Certified Copy

Depending on your viewpoint, the ambiguity which runs through Kiarostamis latest effort can make for a frustrating experience or a thought-provoking one...

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One of the major successes on the European festival circuit last year (Juliette Binoche earned the Best Actress Award at the Cannes Film Festival), Iranian writer-director Abbas Kiarostami\'s Certified Copy ranks as one of the more challenging and unpredictable feats in arthouse filmmaking in the past year.

The film offers another star role for Binoche as an unnamed antiques dealer and frazzled mother now living in Tuscany. When the very successful and eloquent British academic and author James Miller (William Shimell) gives a press conference in her village to promote his latest book, he meets the Binoche character and they share a fraught, abrasive afternoon in a nearby village.

Ostensibly, the film concerns the increasingly difficult relationship between this frayed, possibly delusional woman and this reasonable, but increasingly tired writer, as Kiarostami communicates their gradual distance not only through the characters\' rigid exchanges, but also visually: when Binoche\'s character overestimates Miller\'s interest in a \'certified copy\' of an Italian work of art, Shimell departs the two-shot between himself and Binoche, leaving her alone in an individual profile.

Yet, the film offers a post-modern \'twist\' that upturns expectations of this odd-couple situation and has left many questioning the \'meaning\' of the film: have these characters met before? Are they, in fact, husband-and-wife? Is the set-up to the film - a meeting between two strangers - simply an elaborate version of role-play for an increasingly stale relationship? Or - rather - is the husband-and-wife act the real \'role-play,\' a form of exaggerated emotional connection between these two outsiders in this foreign world (the Binoche character is French whilst Miller is British).

The film is challenging in that it offers the possibility of a couple of interpretations of its characters and the story itself (are they strangers or partners?), and refuses to contend - one way or another - the \'right\' or \'correct\' reading of the material. (In particular, the final, static shot recalls post-modern Italian filmmaker Michelangelo Antonioni in its simple, elegant ambiguity and suggestion, in part recognising the power of the viewer to create and critically engage with the film itself).

Yet, despite these visual ambiguities, the significance of the title - \'certified copy\' - and the relevance of Miller\'s work is difficult to ignore. In the opening sequence, Miller articulates some of the themes of his non-fiction book and the implications of \'certified copies\' - positing the idea (which is very important in the academic construct of \'book theory\') that the \'copy\' is just as important as the real relationship.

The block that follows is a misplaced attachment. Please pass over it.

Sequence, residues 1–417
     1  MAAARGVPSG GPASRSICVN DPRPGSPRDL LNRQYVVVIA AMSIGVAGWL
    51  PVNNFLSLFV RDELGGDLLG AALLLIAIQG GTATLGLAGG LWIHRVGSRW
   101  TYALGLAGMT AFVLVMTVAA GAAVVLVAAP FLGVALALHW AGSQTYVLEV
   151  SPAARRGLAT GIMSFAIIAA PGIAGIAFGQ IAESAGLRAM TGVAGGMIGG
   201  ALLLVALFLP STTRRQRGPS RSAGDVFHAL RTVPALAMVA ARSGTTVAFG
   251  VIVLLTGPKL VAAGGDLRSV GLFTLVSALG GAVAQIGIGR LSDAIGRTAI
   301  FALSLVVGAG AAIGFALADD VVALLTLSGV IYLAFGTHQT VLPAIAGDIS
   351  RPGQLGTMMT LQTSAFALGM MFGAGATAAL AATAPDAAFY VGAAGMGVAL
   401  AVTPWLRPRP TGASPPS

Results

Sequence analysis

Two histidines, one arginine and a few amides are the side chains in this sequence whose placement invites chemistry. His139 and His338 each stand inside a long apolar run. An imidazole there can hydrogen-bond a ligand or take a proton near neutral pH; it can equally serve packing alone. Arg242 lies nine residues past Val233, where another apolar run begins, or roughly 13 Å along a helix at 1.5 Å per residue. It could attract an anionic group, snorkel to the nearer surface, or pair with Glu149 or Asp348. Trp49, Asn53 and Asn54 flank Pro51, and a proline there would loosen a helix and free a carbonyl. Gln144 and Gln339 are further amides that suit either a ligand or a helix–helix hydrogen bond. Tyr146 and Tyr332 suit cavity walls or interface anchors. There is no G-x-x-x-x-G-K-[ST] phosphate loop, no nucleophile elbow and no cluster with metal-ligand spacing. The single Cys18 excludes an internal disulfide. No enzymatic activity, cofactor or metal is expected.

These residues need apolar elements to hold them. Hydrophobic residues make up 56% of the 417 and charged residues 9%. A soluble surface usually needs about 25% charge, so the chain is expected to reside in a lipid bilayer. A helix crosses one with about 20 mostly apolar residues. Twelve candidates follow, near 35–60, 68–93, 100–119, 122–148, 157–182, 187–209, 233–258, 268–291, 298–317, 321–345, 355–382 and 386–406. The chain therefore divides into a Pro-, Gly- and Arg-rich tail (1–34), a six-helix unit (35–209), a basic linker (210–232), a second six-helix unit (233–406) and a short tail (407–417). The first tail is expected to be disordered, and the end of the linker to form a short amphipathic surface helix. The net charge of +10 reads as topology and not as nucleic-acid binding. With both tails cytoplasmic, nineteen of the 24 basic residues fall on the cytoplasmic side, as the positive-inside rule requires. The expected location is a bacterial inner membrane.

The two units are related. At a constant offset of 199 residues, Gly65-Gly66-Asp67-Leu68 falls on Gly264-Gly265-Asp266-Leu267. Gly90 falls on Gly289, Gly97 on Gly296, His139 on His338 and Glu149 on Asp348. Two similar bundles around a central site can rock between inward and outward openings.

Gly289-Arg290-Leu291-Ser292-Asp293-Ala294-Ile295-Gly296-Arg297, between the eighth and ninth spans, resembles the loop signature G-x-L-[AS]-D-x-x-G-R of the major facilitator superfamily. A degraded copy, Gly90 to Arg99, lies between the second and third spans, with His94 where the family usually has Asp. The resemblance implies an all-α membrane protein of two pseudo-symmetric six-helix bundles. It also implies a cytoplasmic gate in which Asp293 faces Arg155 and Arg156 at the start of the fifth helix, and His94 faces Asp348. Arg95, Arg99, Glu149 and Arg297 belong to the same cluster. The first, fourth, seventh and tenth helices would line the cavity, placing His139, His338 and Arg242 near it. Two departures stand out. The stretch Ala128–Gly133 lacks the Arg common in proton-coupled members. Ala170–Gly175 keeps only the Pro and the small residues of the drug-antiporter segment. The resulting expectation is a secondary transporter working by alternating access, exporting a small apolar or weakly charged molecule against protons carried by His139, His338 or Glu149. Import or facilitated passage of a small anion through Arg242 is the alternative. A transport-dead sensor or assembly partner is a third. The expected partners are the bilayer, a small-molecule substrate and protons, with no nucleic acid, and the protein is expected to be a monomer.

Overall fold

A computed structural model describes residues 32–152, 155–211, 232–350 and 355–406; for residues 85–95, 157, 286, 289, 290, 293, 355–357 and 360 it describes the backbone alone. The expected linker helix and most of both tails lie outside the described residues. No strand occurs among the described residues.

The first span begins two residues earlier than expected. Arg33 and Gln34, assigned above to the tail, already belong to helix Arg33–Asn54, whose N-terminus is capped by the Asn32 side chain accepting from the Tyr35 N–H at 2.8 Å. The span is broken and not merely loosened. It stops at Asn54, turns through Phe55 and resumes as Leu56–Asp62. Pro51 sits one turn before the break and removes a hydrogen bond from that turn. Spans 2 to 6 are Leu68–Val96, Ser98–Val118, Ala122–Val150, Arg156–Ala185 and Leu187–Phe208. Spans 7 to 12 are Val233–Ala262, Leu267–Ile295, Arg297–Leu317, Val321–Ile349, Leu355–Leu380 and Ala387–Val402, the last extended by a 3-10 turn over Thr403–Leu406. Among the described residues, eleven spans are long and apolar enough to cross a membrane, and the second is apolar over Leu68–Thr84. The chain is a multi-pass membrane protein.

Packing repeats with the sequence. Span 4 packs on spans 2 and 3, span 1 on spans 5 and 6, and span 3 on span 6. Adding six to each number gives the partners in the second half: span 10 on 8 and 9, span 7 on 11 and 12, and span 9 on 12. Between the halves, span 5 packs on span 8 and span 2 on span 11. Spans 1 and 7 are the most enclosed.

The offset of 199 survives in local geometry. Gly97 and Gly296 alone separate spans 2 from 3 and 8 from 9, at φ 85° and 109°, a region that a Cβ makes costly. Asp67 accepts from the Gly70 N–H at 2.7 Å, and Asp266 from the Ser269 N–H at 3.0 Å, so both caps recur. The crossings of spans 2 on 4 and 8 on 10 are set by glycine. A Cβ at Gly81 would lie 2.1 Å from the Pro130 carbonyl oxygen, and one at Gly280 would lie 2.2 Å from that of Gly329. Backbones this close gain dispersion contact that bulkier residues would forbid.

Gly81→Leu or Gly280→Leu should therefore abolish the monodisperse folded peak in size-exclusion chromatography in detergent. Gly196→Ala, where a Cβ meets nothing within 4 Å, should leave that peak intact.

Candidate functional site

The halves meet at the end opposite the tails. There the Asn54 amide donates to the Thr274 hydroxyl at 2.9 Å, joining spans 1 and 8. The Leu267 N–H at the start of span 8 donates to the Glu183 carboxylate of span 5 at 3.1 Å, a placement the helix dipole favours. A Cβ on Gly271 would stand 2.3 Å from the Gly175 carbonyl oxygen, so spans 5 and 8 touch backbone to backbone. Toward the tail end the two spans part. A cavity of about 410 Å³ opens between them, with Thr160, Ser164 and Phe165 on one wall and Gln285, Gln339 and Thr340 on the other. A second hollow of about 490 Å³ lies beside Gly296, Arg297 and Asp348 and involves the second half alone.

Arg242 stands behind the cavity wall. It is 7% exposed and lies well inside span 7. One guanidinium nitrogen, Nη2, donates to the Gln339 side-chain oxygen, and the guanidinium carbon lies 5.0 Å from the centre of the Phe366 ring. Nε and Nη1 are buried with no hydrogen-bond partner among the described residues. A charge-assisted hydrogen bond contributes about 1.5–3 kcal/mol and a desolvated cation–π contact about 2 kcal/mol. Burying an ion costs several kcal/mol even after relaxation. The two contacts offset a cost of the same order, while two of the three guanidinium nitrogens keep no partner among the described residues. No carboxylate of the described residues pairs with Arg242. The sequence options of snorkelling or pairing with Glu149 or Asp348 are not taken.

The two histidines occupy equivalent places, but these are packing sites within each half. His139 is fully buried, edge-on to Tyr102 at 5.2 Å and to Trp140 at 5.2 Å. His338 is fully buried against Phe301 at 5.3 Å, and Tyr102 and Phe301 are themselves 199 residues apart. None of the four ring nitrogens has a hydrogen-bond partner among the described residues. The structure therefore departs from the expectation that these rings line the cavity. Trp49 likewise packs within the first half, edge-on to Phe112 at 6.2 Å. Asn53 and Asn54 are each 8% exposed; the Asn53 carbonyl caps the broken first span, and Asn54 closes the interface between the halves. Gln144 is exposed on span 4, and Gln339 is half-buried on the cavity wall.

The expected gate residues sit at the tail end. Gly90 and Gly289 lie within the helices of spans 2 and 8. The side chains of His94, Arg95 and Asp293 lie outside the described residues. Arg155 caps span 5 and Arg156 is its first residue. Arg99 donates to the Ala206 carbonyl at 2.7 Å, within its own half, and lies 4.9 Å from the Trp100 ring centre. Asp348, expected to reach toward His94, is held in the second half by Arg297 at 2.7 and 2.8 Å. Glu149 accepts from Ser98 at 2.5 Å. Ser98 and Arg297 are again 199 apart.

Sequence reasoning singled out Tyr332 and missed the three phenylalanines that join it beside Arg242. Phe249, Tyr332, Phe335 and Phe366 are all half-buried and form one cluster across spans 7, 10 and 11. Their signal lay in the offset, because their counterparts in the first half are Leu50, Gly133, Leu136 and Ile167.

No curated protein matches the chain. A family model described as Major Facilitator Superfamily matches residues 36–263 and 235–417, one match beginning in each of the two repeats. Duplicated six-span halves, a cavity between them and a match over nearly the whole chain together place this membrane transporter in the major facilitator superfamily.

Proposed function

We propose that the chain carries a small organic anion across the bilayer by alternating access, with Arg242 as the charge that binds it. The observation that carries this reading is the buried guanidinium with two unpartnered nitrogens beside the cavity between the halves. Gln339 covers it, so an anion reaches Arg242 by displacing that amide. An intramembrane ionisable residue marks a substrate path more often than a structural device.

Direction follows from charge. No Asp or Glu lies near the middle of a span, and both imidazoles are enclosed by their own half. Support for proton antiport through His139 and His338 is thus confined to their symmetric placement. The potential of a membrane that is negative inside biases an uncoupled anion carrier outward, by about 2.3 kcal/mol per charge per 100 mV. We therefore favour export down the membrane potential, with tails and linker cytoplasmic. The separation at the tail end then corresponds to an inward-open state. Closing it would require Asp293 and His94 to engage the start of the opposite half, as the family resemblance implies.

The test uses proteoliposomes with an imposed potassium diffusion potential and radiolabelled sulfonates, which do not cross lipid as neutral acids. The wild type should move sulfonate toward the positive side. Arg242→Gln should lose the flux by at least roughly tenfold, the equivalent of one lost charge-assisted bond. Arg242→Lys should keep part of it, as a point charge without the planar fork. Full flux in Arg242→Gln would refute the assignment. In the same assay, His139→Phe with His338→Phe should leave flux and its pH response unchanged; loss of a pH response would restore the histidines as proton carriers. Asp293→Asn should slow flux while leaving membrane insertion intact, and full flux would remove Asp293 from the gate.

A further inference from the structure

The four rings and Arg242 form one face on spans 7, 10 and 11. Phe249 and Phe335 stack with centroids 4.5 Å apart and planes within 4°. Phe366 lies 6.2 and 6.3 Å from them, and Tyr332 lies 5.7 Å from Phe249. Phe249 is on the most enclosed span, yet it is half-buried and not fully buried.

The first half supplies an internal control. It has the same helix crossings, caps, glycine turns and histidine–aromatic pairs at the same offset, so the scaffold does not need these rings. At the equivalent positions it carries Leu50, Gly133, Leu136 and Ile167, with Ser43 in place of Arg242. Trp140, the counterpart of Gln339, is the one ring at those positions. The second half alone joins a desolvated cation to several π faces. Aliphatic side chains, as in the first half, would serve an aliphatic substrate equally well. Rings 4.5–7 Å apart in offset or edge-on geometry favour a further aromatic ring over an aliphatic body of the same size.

Does this mean that these two strangers are attempting to replicate similar relationships with their own (admittedly kinda crazy) connection? In this respect, does their fake relationship become real as a result of their assuming of the husband-and-wife roles? Does their \'copy\' attain the resonance and meaning of a real relationship because of the meaning in which they invest it?

However, there are many different interpretations of the film: surely, those who suggest that the two leads are married would argue that the coincidence in the middle of the film that links one another and the intensity of the two performers would suggest, at least, a sincere and very real past between the characters.

Like Inception last year, the film offers an ending that refuses to articulate a clear reading or analysis of its characters\' psyches, offering a variety of different understandings of the films\' content and will leave audiences questioning their own comprehension of the drama. This can make for a very frustrating experience (one reviewer outside the screening complained, \'what does it mean?\'), yet it is also refreshing, as well, offering viewers the opportunity to contribute something to the experience.

Clearly a filmmaker with a strong recognition of the authority and the power of audiences to give meaning to art, as evident in the final shot, it seems that Kiarostami isn\'t telling audiences one way or another.

Certified Copy is released in cinemas February 17. Win tickets to the film here.

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